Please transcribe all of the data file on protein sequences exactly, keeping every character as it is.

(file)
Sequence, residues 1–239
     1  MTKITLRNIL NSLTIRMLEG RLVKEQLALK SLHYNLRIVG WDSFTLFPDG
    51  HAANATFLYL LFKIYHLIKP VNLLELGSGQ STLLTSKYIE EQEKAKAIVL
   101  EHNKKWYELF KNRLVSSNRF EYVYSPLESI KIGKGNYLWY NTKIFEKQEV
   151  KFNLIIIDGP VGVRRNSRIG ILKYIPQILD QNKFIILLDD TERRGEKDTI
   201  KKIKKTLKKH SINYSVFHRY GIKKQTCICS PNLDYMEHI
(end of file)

Sequence, residues 1–239
     1  MTKITLRNIL NSLTIRMLEG RLVKEQLALK SLHYNLRIVG WDSFTLFPDG
    51  HAANATFLYL LFKIYHLIKP VNLLELGSGQ STLLTSKYIE EQEKAKAIVL
   101  EHNKKWYELF KNRLVSSNRF EYVYSPLESI KIGKGNYLWY NTKIFEKQEV
   151  KFNLIIIDGP VGVRRNSRIG ILKYIPQILD QNKFIILLDD TERRGEKDTI
   201  KKIKKTLKKH SINYSVFHRY GIKKQTCICS PNLDYMEHI